Exercising your intuitive self-determination to establish your own political freedom is a curse indeed, in the era of benevolent altruism.  Bearing the responsibility to defy the freedom pretenders would surely be an offense against the state.  But would it be a crime against humanity?  As it was written so will you be punished, that's the promise of state security for a world at peace.
 
That final analysis, which was so popular over forty years ago, taught that errors in political policies have momentous consequences.  Today the public has even less acumen but far greater absolution for their government.  Skepticism is in short supply and constructive cynicism virtually absent.  The freedom to resist the dishonesty is essential, while the freedom to accept the treachery is the popular viewpoint.  All freedom is not equal, especially when false loyalties leads to and requires the destruction of civic wisdom.  Peace is too high a price to pay for the absence of responsible individual freedom.  And security of the state is a blight against all civilization.  Camus stood for quiet solitary of the individual, while the clones for world democracy demand controlled compliance of the masses.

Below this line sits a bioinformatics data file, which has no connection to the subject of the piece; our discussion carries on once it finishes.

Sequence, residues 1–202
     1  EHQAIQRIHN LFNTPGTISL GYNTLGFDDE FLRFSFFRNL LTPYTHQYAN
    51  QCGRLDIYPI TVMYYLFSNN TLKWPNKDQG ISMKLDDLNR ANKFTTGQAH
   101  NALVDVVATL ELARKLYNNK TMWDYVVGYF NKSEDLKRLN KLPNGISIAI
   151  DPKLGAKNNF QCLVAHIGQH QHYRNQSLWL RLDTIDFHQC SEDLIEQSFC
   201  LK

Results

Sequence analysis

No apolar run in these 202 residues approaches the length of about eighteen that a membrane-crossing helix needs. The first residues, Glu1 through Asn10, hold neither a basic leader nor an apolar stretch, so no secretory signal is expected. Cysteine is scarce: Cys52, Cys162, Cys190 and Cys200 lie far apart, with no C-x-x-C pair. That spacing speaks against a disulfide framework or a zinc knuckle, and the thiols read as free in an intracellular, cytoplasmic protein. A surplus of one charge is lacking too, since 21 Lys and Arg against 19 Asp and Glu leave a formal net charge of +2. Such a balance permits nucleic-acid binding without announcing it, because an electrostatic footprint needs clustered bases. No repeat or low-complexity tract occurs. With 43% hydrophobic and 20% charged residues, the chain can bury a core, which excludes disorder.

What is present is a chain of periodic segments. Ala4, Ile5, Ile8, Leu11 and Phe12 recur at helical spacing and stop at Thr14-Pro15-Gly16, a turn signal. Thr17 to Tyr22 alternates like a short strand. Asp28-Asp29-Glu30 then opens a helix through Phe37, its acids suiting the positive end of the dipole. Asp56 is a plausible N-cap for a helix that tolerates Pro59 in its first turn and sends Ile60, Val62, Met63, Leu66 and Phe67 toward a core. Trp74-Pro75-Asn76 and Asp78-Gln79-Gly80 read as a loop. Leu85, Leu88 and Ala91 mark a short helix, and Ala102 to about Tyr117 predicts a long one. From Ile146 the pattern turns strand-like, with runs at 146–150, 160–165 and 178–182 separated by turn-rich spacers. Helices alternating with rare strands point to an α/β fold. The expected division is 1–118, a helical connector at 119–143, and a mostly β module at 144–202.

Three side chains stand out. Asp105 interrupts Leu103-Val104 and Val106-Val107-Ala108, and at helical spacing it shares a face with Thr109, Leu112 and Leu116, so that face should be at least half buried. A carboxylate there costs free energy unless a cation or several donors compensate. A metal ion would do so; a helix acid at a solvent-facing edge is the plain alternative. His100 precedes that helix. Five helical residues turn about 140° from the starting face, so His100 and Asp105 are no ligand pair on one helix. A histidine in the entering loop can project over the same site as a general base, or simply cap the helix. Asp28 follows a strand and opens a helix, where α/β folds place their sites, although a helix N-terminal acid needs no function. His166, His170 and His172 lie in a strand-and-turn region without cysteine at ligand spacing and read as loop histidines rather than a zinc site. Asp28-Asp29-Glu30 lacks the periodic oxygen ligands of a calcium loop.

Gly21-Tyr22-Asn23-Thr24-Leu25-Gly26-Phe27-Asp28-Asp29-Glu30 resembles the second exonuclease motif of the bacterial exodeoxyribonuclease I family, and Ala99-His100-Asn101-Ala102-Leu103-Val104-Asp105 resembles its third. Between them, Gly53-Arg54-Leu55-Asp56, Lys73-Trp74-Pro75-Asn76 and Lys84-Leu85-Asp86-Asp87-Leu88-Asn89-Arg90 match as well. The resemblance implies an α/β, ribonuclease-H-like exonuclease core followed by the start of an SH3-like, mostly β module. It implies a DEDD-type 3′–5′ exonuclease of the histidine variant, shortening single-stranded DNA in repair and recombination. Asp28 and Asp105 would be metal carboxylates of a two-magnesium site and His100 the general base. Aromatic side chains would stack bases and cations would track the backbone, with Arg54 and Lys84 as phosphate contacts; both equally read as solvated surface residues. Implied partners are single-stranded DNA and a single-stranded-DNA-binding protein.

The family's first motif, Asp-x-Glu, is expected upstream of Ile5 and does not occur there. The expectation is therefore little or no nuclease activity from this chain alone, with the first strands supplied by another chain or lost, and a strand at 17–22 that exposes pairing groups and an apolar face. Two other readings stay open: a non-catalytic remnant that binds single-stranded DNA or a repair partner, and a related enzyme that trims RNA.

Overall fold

Tolerance does not include submission to despotic government.  Since you have the freedom, use it or lose it!  Your rights are not defined by the whims of a living civil law.  The race for the duration means continuous conflict between the ruled and the rulers.  Your personal security requires no peace, your freedom necessitates your opposition to the State.  Read and study the entire record before you choose, then you can pop the cork and drink the Champagne.
 
SARTRE - May 24, 2005

One leader, one people, signifies one master and millions of slaves.
Albert Camus